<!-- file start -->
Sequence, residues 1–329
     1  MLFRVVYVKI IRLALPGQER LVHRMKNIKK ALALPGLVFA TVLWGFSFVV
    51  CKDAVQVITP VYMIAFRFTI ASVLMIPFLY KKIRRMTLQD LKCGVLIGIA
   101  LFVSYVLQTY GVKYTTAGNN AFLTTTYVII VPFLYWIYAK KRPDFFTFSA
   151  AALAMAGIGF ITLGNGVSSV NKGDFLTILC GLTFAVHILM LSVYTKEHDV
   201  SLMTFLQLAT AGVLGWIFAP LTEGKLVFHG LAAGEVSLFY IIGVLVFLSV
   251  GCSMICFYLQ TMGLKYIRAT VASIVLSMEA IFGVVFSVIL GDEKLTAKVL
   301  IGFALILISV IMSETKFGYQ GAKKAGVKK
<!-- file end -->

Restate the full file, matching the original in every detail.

Sequence, residues 1–329
     1  MLFRVVYVKI IRLALPGQER LVHRMKNIKK ALALPGLVFA TVLWGFSFVV
    51  CKDAVQVITP VYMIAFRFTI ASVLMIPFLY KKIRRMTLQD LKCGVLIGIA
   101  LFVSYVLQTY GVKYTTAGNN AFLTTTYVII VPFLYWIYAK KRPDFFTFSA
   151  AALAMAGIGF ITLGNGVSSV NKGDFLTILC GLTFAVHILM LSVYTKEHDV
   201  SLMTFLQLAT AGVLGWIFAP LTEGKLVFHG LAAGEVSLFY IIGVLVFLSV
   251  GCSMICFYLQ TMGLKYIRAT VASIVLSMEA IFGVVFSVIL GDEKLTAKVL
   301  IGFALILISV IMSETKFGYQ GAKKAGVKK